Health buzzwords like ‘protein’, ‘paleo’ and ‘organic’ are used by marketers as key selling points for many of today’s health products. Yet these words can also trick consumers into believing a product is healthier than it really is.
As health writers, we focus a lot of our energy on knowledge. We write ‘how to’ articles about eating better, exercising more, breaking bad habits, making healthy choices and reducing risk factors. We offer knowledge – but, we rarely sell the desire to change.
As health writers, we need to recognise and understand the social factors that limit health literacy so we can help our readers understand our health information. We can do this by looking at the key outcomes from a range of health literacy research into both local and global communities.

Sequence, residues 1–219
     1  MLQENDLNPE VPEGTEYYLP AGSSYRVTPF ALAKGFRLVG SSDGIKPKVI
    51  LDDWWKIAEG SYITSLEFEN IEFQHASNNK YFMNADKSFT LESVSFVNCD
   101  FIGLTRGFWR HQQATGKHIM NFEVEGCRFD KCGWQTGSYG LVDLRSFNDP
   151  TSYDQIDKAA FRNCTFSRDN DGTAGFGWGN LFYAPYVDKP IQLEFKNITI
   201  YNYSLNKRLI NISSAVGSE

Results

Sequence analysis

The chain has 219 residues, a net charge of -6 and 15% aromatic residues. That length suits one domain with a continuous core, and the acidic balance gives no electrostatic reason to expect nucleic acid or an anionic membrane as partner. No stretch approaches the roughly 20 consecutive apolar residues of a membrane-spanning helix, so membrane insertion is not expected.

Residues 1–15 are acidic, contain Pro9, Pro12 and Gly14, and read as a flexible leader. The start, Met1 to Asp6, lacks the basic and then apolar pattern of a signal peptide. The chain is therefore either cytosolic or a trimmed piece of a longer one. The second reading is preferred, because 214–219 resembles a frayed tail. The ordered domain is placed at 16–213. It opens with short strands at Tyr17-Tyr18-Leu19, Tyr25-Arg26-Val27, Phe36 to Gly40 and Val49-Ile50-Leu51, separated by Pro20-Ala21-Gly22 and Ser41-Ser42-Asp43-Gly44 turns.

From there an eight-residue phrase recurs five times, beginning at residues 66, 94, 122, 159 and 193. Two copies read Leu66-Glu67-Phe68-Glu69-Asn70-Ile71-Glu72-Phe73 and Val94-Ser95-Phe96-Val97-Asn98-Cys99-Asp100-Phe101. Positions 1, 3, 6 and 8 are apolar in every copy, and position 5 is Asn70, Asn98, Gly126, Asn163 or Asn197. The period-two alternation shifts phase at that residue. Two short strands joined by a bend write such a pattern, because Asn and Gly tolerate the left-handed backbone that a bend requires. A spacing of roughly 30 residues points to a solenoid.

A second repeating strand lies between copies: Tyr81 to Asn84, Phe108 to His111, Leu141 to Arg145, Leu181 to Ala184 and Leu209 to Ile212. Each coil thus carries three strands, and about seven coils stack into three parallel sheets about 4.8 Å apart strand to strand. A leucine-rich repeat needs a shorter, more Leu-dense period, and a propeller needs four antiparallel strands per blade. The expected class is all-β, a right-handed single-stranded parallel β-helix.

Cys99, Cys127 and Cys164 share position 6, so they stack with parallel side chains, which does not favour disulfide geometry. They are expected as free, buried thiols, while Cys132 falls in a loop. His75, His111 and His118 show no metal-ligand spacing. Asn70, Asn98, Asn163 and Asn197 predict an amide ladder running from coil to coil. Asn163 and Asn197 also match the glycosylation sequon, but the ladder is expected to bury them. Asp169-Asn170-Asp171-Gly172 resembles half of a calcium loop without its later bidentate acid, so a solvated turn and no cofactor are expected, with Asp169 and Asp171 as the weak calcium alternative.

As health writers, we need to identify the ideal medium to share our key messages to our target audience to ensure our writing influences health outcomes.
Reactance, food labelling, HPV vaccines, and more – browse the latest in evidence-based health communication.
While quality medical evidence underlies accurate health writing, clear writing helps the information translate easily – enter the concept of ‘processing fluency’.
Health risk information is better received when you ask your readers to identify their own values and beliefs before communicating the risks.
Could understanding more about selective exposure help us write engaging content? One study looked at how selective exposure influences attitudes towards health behaviours.
New research provides insight into how we can help high-school students understand health information and make better-informed health decisions.
Digital educational interventions play a huge role in helping to educate community members outside the boundaries of traditional clinical care.